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May is Mental Health Awareness Month! Anxiety in Children

By Cara Weiner Sultan, MSW

Since 1949, National Mental Health Awareness Month has been observed in May. The goal of this initiative is to bring attention to mental health through education, media, local events, and screenings. The hope is to reduce the stigma around mental health issues and embrace the notion that mental health is something everyone should care about.

Anxiety and depression are common mental health issues on the rise in children. Statistics from the Center for Disease Control (CDC) indicate that 7.1% of children aged 3-17 years (approximately 4.4 million) have been diagnosed with anxiety, and 3.2% of children aged 3-17 years (approximately 1.9 million) have been diagnosed with depression. According to the Child Mind Institute, some anxiety is normal, natural, and part of everyday life. When feelings of anxiety and worry begin interfering in everyday life, it becomes problematic and needs more significant intervention.

There are many types of anxiety:

  • Separation-characterized by a child’s extreme distress when separated from a parent or caregiver
  • Social-characterized by a child’s intense avoidance of social situations, excessive fear of being humiliated in social situations
  • Selective mutism-characterized by a child’s persistent and intense inability to speak in some situations but not others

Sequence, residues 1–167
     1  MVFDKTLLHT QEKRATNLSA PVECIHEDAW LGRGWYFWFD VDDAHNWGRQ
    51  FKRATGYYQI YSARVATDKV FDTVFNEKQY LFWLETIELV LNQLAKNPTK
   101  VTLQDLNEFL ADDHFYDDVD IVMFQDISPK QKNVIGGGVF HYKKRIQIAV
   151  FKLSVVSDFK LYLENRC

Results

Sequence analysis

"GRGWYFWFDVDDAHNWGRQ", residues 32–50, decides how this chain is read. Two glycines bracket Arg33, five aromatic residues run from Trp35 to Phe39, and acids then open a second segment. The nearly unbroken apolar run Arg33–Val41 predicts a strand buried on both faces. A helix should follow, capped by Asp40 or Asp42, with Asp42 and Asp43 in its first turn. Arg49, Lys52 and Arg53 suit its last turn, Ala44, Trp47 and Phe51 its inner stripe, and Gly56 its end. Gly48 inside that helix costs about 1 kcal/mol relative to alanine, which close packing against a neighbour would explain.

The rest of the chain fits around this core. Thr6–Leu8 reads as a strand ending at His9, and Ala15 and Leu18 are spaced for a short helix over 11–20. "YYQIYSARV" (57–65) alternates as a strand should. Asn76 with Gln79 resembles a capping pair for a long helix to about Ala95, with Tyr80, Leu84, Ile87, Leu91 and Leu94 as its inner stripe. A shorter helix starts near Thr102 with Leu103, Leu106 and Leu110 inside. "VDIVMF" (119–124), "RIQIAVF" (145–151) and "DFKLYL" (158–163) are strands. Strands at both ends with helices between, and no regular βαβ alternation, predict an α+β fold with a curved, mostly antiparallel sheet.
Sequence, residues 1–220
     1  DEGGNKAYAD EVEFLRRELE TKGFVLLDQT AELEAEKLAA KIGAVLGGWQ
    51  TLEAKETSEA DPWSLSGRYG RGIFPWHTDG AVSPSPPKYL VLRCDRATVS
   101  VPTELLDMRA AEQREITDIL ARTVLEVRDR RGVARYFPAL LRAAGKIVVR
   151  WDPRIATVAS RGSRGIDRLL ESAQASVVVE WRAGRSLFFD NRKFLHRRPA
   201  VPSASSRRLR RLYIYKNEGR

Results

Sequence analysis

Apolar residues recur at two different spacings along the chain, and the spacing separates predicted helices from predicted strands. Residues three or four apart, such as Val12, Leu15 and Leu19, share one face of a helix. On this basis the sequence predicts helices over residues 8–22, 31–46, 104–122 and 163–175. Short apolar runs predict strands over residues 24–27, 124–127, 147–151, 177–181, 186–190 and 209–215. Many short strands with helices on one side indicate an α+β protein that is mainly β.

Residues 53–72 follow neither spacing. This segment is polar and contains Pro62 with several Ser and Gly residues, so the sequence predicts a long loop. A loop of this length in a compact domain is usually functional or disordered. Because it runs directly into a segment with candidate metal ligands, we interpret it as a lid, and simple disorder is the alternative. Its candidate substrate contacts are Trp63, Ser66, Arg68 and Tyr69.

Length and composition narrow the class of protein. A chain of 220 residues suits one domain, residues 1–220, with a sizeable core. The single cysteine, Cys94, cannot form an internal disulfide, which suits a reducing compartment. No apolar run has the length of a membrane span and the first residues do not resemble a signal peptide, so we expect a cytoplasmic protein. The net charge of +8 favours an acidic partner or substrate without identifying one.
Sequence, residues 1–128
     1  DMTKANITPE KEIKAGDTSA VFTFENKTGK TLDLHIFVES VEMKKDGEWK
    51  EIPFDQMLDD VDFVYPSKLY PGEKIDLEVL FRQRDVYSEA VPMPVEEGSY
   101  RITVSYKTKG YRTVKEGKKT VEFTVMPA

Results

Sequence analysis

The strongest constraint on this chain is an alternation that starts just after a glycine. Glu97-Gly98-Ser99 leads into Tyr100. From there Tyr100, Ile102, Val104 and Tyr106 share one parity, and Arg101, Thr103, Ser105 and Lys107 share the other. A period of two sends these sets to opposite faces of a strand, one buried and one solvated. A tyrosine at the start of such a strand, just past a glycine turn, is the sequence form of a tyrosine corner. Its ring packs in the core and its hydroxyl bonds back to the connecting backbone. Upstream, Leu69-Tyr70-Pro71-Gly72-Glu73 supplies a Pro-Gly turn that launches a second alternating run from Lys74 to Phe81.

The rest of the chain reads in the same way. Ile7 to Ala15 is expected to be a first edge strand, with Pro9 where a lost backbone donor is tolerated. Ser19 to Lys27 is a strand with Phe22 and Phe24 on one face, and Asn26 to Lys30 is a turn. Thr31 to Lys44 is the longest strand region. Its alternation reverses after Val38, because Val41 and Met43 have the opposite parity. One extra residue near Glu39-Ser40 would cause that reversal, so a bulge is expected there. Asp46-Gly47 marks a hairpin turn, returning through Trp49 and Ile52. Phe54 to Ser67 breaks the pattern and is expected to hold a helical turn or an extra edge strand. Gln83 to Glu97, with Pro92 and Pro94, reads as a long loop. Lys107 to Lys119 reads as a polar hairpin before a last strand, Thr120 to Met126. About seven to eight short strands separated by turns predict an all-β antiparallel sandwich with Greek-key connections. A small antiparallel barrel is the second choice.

• General anxiety disorder-lasting and excessive worry about a range of things, may be worried about perfectionism, and may cause sleeplessness in addition to restlessness and irritability
  • Specific phobia-strong fears of objects or situations (fear of dogs, snakes, the dark, the doctor)
  • Obsessive Compulsive Disorder-characterized by children who have intrusive thoughts or impulses that interfere with functioning and cause excessive worry. Compulsions are the actions kids perform to get rid of their worry.

Many of these feelings are normal in a developing child, especially at times of transition or change. The time to be concerned is when your child experiences anxiety for a long period of time, which then interferes with school, home, and play activities.

The good news is that anxiety is very treatable! Mental health professionals are adept at helping children change the way they think about things, and reset their minds from thoughts of worry to more positive thoughts. Left untreated, anxiety can have physical and behavioral manifestations that cause stress. If you are concerned about your child, reach out to teachers, counselors, and friends for help. It’s more common than you think!

Resources on anxiety in children:

Child Mind Institute


Anxiety and Depression Institute of America

Harvard Health-Harvard Medical School

Cara Weiner Sultan is a Parent Educator with Cornell Cooperative Extension of Suffolk County’s Family Health and Wellness Program.  She can be reached at


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